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FREQUENTLY ASKED QUESTIONS

What is 802.11ac/5G WiFi?

802.11ac/5G WiFi is the 5th generation of Wi-Fi -- it is the world's fastest and most reliable Wi-Fi for consumers and enterprises. Explosive growth of content consumption coupled with proliferation of wireless devices has created a need for faster and more reliable ways to access content across devices anytime, anywhere. 5G WiFi is ideal and superior to 802.11a/b/g/n based on its reliability – it delivers faster throughput, higher capacity, broader coverage and longer battery life.

  • Faster Throughput – Stream content, like NetFlix videos, to your phone, tablet or PC more quickly.

  • Higher Capacity – Connect multiple devices to the network simultaneously.

  • Broader Coverage – Extend range with fewer dead spots throughput the home.

  • Longer Battery Life – Go longer without plugging your device in.


What are the differences between 5G WiFi and 802.11n?

Technology

802.11n

5G WiFi

Data Rate

600 Mbps

3.6 Gbps

Coverage

Most Rooms

Whole Home

Band

2.4 GHz

5.15-5.90 GHz

5.15-5.9 GHz

Works with Existing infrastructure

Yes

Yes

Use Case

Data, Compressed Video

Video, Fast Synch


Will 5G WiFi be backward compatible with 802.11a/b/g/n?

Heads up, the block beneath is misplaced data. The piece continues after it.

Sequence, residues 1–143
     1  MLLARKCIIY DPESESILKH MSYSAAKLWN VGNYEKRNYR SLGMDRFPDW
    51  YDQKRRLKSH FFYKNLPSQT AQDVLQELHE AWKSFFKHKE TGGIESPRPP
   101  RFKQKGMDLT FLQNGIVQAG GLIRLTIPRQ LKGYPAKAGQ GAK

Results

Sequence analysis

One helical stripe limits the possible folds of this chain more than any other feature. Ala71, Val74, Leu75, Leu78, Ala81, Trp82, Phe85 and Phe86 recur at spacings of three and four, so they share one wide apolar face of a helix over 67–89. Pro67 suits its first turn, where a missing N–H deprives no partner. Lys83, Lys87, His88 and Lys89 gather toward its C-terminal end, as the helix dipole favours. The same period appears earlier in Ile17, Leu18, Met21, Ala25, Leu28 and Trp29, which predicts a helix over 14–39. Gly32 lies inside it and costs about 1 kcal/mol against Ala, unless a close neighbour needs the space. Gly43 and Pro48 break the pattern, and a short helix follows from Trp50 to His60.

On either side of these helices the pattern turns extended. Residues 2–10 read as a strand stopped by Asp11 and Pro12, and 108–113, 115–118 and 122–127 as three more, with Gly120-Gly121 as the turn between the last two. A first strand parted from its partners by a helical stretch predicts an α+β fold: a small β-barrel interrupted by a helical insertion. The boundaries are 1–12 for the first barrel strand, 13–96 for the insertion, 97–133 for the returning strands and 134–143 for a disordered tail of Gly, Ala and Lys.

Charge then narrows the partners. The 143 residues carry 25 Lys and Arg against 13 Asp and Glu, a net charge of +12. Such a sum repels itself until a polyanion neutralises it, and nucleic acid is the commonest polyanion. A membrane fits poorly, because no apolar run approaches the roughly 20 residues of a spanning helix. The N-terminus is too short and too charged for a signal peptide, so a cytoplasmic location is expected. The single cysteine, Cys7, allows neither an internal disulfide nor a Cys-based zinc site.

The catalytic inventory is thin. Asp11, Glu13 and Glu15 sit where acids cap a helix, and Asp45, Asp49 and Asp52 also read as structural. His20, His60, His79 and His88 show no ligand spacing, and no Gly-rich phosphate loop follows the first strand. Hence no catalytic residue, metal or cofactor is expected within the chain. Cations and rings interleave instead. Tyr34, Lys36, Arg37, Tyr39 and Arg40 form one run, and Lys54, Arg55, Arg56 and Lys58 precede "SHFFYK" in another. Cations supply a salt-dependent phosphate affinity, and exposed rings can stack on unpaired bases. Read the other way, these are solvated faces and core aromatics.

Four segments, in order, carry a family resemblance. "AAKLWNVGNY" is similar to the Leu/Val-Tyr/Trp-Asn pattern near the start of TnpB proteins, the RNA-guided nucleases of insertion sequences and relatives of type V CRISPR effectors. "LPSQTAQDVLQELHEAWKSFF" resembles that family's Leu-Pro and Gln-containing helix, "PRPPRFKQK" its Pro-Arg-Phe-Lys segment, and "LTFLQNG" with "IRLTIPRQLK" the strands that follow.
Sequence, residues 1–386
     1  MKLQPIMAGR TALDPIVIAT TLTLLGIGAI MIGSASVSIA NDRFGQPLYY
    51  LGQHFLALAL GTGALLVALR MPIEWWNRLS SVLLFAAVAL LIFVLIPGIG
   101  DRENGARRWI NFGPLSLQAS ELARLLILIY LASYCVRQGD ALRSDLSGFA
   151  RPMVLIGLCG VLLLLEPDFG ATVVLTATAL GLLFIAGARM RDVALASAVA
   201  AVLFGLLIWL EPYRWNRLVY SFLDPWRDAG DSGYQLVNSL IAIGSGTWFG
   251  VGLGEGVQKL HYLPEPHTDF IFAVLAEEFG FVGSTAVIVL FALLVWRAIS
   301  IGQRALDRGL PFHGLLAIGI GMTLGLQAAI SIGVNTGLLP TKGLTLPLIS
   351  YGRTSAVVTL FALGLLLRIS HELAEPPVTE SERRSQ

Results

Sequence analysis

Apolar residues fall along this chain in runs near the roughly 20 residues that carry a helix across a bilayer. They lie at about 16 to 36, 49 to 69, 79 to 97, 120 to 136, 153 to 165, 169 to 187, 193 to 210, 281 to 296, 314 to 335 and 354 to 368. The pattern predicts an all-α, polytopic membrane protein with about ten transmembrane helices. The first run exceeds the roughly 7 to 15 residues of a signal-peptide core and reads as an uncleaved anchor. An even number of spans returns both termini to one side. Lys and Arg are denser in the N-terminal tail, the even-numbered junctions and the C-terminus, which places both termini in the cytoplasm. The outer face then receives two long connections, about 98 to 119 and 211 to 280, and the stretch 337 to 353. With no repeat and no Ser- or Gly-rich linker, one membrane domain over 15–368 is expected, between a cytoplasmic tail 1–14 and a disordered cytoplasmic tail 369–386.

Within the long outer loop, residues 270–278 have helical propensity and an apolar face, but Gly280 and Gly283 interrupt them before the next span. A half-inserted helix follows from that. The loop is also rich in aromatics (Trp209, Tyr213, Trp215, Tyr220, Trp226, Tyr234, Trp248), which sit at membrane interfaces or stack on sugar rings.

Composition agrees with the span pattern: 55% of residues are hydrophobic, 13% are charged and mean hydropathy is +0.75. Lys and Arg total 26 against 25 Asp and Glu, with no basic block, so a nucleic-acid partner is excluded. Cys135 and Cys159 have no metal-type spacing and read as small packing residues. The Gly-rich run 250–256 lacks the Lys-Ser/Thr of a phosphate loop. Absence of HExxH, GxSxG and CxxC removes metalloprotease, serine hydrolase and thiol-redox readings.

Yes. Devices implementing 802.1ac will be backward compatible with legacy standards.


Will 5G WiFi make 802.11a/b/g/n obsolete?

5G WiFi will become the dominant technology in the coming years, but it will not make 802.11a/b/g/n obsolete.


What is driving the need for 5G WiFi?

Digital-content consumption is on a steep incline, with video content expected to reach approximately 90 percent of global consumer traffic, according to Cisco’s 2011 Visual Networking Index Forecast. At the same time, Internet traffic is shifting rapidly from wired to wireless networks. The increased reliance on wireless networks, the explosion of video consumption and the growing number of wireless devices being used are all putting tremendous stress on legacy 802.11a/b/g/n networks. As a result, consumers are prone to experience deteriorated performance, choppy videos and slower load times.

5G WiFi is the next generation Wi-Fi standard required for today’s mobile and video era. Based on 802.11ac, 5G WiFi is a major evolutionary step from the existing 802.11a/b/g/n networks. With new technology that allows for more reliable whole home coverage, Broadcom's 5G WiFi technology overcomes the digital content and wireless device challenge and will allow consumers to stream digital content between devices faster, and simultaneously connect more wireless devices to home and enterprise networks, while conserving battery power.


Is 5G WiFi overkill for people who don't consume high-bandwidth applications, like video?

No, because 5G WiFi isn't solely about faster speeds. It offers consumers several other benefits, including:

  • Higher Capacity – Connect multiple devices to the network simultaneously.

  • Broader Coverage – Extend range with fewer dead spots throughput the home.

  • Longer Battery Life – Go longer without plugging your device in.


How secure is 5G WiFi?